As fantasy owners, we’ve all been burned.  We know what it feels like, and the stages of remorse that comes with it.

First, there’s denial. Denial that the player you coveted on draft day could really be this terrible, and that all your research and preparation was, well, dead wrong.

Then comes anger. Angst at said player for his exceeding levels of sucktitude.  You drafted him early enough where he still gets free passes after a slow start/poor outing, but there’s only so much a self respecting owner can take.

Finally, acceptance.

Ah, who am I kidding? The third stage is only more anger.  Followed by kicking that player to the free agent curb the same way Uncle Phil used to hoist DJ Jazzy Jeff onto his lawn in “Fresh Prince of Bel Aire.”

For those in roto leagues, these pitchers have not only burned a hole in your ERA, but one deep inside the carpals of your heart as well with their astounding rebound performances in the second half.  They’ve been dropped, forgotten about, left for dead, and left you with the open wounds of a team ERA that still hasn’t dipped blow 4.00. 

It’s like going through a messy divorce with your wife, losing half your belongings and property in the process, only to find out just months later she’s met a charming Wall Street CEO with a mansion and fountain that spits Courvoisier.

And she’s pregnant.

Wandy Rodriguez:

First Half Stats: 18 G, 4.97 ERA, 1.52 WHIP, .289 BAA

Wince-Inducing Second Half Stats: 8 G, 1.82 ERA, 0.98 WHIP, .217 BAA

After sporting a minuscule 3.02 ERA in 2009 and outshining ace Roy Oswalt for most of the year, Wand-Rod was being drafted in the same company as Josh Johnson, Yovani Gallardo, Cole Hamels, and Lucifer himself Josh Beckett (we’ll get to him later). 

These were the can’t miss up-and-comers of 2010.  Well, for the first half of 2010, Rodriguez missed.  Badly.

Most frequently with his curveball, which, incidentally, wasn’t curving.

He was sporting a 3-10 record and a 6.09 ERA by June 18 and had most fantasy owners headed for the hills, while he was handed the first ticket to Dropsville—never to be looked at, let alone considered by those whom he burned ever again.  

And then, somehow, everything clicked.  His ERA has been on a steady decline since June 24, allowing one run or less nine times since then, while compiling an 81:16 K:BB ratio for the suddenly relevant Astros.

Pure evil. 

Max Scherzer

First Half Stats: 16 G, 4.61 ERA, 1.37 WHIP, .268 BAA

Gut Wrenching Second Half Stats: 9 G, 1.98 ERA, 1.15 WHIP, .213 BAA

Scherzer had the fantasy world all-a-twitter after a move from spacious Chase Field to Comerica Park, and while his 4.12 ERA wasn’t all that impressive, his 174 Ks were.  2010 would be the year Scherzer catapulted himself into the fantasy elite.

Cue a three week stretch from April 28 to May 14 in which he surrendered six, 10, five, and six runs, respectively, and Scherzer and his bloated 7.29 ERA found themselves down in the minors, with many fantasy owners abandoning ship as well.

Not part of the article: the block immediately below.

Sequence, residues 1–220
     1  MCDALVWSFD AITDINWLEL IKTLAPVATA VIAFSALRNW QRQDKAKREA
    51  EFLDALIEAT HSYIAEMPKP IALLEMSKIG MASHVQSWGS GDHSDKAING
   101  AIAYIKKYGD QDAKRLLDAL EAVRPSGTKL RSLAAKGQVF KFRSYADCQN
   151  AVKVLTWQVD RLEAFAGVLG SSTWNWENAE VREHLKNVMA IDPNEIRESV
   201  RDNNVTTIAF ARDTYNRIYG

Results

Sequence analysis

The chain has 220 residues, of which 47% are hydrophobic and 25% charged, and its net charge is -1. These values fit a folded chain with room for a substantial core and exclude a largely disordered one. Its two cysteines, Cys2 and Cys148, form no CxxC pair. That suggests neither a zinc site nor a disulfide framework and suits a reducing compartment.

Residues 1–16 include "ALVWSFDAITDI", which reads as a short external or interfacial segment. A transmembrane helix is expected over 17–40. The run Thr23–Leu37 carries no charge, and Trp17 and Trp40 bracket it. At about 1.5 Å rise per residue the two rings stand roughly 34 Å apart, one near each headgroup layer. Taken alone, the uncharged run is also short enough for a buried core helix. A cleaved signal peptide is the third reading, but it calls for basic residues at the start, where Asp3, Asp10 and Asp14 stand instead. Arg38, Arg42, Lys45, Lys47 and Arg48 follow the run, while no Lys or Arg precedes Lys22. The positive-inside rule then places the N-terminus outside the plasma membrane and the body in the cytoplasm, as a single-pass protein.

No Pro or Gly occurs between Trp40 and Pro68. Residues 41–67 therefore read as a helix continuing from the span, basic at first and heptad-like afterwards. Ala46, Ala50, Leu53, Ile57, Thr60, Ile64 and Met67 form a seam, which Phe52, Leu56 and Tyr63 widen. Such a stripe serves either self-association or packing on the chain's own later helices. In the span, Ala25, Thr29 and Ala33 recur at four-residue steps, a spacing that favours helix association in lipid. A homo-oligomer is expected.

“How could this be?” befuddled fantasy owners asked their computer screens.  “He was nearly a surefire lock to bust out this season!”

Well, a dominant two week stint in the minors, followed by a 14 K “re-debut” turned skeptics into believers once again, and three months later, Scherzer’s on pace to break his 172 K mark from a year ago, while brandishing a 3.60 ERA. 

No doubt that three-week stretch did significant damage to the early season hopes of many, and to have Mad Max battle back the way he has may seem heroic to some, but to you, former owner, it’s an epic backstabbing. 

Gavin Floyd

First Half Stats: 18 G, 4.20 ERA, 1.29 WHIP .258 BAA

Agonizing Second Half Stats: 8 G, 3.29 ERA, 1.37 WHIP .274 BAA

Danks or Floyd, Danks or Floyd? That was the maddening question asked by many owners on draft day over which White Sox starter would separate themselves in 2010.

Those who chose Floyd probably went on to question their everyday decision making skills following a tumultuous first half which saw him flaunt a 6.64 ERA by June 2.

Smart owners knew his peripherals from his ’08 season (when he finished with a 3.84 ERA) were nearly identical to ’09 (4.06 ERA).  Thus, the skills were still there.  It was just a matter of when he would turn it around.

It was probably after you finally gave up on him.

Fast forward three months later, and Floyd’s ERA sits at 3.91 (it was at 3.49 prior to two recent sub-par starts) after an unreal stretch in which he allowed two runs or less in every start from June 8 to August 7.  To add insult to injury, he actually has Danks beat in the strikeout department (135 to 130). 

Oh Gavin, you tease. 

Josh Beckett

First Half Stats: 8 G, 7.29 ERA, 1.66 WHIP, .305 BAA

Unworthy of an Extension Second Half Stats:
7 G, 5.65 ERA, 1.28 WHIP, .265 BAA

Small sample sizes, yes, but vomit-inducing nonetheless. 

Beckett was another “can’t miss” starter as one of the anchors of a “perceived” legendary Red Sox rotation.  And while Clay Buchholz and (to a lesser extent) Jon Lester lived up to their billings, the rest have been an unequivocal bust.

That extension he signed back in April?  Laughable.

Four years, $68 million dollars, and a bad back later, the Red Sox have themselves a No. 5 starter. 

Beckett not only burned owners in the first half, but he laughed all the way to the bank, teamed up with Jacoby Ellsbury for the “seemingly short-term injuries that lingered far longer than reasonably expected” club, and rubbed salt in the wound of patient (and presumptively Red Sox die-hards) owners with a second half that’s seen him give up a combined 19 runs in three starts from Aug. 8 to Aug. 19.

In the end, there’s no way the owners who drafted these tormenting Jekyll and Hyde starters could ever forgive them.  It’s best to forget and ignore.  But remember, while burn wounds do heal—they almost always leave a scar.

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